There are times that call for laugh out loud sillyness. The last fortnight has been just such a time. I was so very pleasantly surprised by The Muppets movie which far exceeded the mediocre expectations I had, and caused me to swallow my own doubts that it might lift my spirits and bring a smile to my face. I laughed, and laughed, and laughed some more. Childlike fun intended for grown ups.
The plot doesn't do the movie justice: Walter a wannabe-Muppet from Smalltown, USA (which bears an uncanny resemblance to Disney's Main Street) is overjoyed to take a 1950s vintage Greyhound to LA with his clueless brother, Gary and his girlfriend Mary (brilliantly played by Amy Adams). Whilst visiting the derelict Muppet studio in Hollywood, the bizarrely naïve trio unsuspectingly stumble across the nefarious plan devised by evil real estate tycoon Tex Richman (Chris Cooper) to raze the Muppet Theatre and drill for the oil recently discovered beneath the Muppets' former stomping grounds.
The Muppets are tasked with raising $10million to save the venue. Gary and his gang conceive of a plan to stage 'The Greatest Muppet Telethon Ever' and jump in offering their combined (if not terribly impressive) resources, to help Kermit (found hanging out in Bel-Air) traverse the globe and reunite the Muppets, who have all gone their separate ways.
We follow Kermit as he tracks down his old friends who have had to embark upon solo careers in the big old world. He finds Fozzie performing with a Reno casino tribute band called the Moopets. Miss Piggy is a plus-size fashion editor at Vogue in Paris, Animal has to be extracted from group therapy at the Santa Barbara clinic for anger management in which he is residing, and Gonzo takes some persuading to join the endeavour, having become a high-powered plumbing magnate.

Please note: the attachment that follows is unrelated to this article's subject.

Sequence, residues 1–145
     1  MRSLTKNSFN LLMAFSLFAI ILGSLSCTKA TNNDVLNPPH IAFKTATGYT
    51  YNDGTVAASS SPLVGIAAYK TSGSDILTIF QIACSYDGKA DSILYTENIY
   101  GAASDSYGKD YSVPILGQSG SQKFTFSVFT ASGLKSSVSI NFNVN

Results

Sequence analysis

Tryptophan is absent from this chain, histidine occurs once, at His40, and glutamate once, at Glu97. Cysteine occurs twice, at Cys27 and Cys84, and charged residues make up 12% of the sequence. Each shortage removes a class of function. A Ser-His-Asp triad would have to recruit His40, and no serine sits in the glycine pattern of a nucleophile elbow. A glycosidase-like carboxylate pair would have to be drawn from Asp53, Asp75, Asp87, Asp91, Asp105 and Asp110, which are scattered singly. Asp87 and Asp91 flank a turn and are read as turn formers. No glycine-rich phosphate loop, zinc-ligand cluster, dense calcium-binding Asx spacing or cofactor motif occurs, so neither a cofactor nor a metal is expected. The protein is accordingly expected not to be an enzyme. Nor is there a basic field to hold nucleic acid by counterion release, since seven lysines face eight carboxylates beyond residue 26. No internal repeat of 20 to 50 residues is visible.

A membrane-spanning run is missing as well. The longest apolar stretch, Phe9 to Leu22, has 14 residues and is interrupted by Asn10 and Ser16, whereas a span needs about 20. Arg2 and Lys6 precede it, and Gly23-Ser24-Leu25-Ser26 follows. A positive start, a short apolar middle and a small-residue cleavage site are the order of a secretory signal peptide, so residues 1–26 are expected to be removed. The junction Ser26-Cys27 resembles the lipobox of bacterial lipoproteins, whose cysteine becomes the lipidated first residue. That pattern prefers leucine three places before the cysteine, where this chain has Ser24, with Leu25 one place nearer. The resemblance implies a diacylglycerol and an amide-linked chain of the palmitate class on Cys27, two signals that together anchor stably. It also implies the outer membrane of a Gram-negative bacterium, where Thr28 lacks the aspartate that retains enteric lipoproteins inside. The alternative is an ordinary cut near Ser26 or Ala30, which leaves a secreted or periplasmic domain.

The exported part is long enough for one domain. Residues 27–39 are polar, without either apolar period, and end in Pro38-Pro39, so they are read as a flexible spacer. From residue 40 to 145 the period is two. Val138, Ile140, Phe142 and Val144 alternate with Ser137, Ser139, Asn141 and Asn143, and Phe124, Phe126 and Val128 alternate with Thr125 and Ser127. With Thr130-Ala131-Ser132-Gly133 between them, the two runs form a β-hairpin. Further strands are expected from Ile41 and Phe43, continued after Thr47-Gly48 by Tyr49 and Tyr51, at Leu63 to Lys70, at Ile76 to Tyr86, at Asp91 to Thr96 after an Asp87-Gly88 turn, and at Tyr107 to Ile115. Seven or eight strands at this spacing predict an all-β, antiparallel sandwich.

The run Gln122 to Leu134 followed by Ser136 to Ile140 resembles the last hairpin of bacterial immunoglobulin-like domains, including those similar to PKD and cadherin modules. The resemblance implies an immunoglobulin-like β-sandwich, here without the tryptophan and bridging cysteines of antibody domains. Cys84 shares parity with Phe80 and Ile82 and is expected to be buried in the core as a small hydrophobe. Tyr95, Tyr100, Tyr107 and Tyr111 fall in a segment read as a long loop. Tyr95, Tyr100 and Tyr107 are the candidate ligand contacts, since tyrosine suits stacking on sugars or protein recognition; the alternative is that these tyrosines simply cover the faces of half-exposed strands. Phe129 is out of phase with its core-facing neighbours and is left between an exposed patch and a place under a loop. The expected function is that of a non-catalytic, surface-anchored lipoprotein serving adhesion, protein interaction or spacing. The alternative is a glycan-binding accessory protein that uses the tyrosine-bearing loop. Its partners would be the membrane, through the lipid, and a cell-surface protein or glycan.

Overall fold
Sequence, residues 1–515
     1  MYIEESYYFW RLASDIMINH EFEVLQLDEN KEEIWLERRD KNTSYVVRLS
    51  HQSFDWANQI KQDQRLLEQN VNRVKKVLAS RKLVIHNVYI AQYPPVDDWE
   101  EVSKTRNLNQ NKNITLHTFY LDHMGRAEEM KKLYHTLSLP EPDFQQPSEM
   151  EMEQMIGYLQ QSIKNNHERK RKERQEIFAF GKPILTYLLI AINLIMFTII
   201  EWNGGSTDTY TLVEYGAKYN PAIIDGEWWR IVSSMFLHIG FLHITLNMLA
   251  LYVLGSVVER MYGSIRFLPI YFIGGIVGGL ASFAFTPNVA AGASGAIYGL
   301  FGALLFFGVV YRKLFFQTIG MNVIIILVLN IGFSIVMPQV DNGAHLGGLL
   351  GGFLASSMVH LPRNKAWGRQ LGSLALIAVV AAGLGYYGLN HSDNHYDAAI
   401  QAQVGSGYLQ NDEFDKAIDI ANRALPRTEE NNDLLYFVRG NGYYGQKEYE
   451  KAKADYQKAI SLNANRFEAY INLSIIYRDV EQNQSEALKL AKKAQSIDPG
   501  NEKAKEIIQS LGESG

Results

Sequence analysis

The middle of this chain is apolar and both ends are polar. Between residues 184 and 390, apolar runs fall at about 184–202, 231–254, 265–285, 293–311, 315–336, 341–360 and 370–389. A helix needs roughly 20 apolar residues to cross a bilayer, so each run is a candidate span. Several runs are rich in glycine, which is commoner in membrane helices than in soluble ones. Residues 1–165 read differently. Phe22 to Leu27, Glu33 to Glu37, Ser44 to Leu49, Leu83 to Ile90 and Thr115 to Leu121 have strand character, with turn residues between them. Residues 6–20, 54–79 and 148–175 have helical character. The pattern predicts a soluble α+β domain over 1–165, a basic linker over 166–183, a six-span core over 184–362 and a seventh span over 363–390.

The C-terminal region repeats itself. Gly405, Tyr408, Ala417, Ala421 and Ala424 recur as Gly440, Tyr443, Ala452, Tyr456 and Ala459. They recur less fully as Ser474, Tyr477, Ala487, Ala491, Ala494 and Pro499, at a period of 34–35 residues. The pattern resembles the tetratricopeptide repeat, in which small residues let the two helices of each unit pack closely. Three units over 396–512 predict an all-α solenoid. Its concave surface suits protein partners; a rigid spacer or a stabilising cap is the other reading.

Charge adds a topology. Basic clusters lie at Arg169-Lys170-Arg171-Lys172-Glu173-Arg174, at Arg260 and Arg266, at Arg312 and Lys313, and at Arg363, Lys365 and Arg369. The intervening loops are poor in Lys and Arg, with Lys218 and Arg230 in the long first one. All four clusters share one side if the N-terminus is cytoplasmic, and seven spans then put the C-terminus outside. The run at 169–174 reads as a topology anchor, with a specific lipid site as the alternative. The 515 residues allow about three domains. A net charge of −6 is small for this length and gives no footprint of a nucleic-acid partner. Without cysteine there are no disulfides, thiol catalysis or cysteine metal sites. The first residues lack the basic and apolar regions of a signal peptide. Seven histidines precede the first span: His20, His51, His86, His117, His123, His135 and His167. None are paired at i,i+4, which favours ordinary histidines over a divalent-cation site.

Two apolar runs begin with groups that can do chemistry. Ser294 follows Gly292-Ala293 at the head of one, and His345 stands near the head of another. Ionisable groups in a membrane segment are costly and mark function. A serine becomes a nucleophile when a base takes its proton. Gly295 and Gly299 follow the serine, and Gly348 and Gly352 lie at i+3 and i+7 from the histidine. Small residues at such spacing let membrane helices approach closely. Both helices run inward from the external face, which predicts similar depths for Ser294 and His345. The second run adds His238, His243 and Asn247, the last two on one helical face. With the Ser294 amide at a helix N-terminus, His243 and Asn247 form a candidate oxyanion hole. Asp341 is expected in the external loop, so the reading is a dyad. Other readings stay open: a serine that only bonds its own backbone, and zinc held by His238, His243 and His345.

Of course, our felt friends succeed in their mission and after kidnapping an unbilled Jack Black to be their unwilling headline act, they produce a show of which Mickey Rooney himself (who does a quick cameo early on) would be proud. It was as hysterical as it was far fetched. It was ridiculous in the extreme, and best of all, it knew it.
There are some absolutely brilliant moments as the veteran entertainers make their first outing since Muppets from Space which was released in 1999. I was mistrustful as to what Disney might do to my furry friends, having acquired the franchise from the Jim Henson estate in 2004. I needn't have worried, the film is a family comedy in the true sense - fun for all generations. Above all, it's disarmingly upfront about its raison d'etre - to reboot the Muppets for a new generation. I'm hopeful it'll succeed, and that the Muppets will be around for some time yet. In the meantime, this comeback proved thoroughly entertaining to myself, an old fan, in need of a mood transplant, and an excuse to indulge in a bit of childhood nostalgia.
So, the Muppets have had a new lease of life. And seeing the movie gave me a bit of the same. Deliciously and deliriously entertaining. With chirpy songs and boundless humour, the script is far from disappointing, with good cheer throughout alongside frank acknowledgement of the changing mores and time passed and even a wink at its own squeaky clean sillyness. Seeking escape from seemingly relentless change, I was comforted and relieved that the Muppets continue to be played by real puppets and not by some newfangled technological rendition of them. If it ain't broke...
For a taster of the film's upbeat score...
Life's a bed of roses in Smalltown, USA with "I've got everything I need"
Later, Gary faces an identity crisis with "Am I a Man or a Muppet?"
The Muppet ethos lives on with "Life's a Happy Song"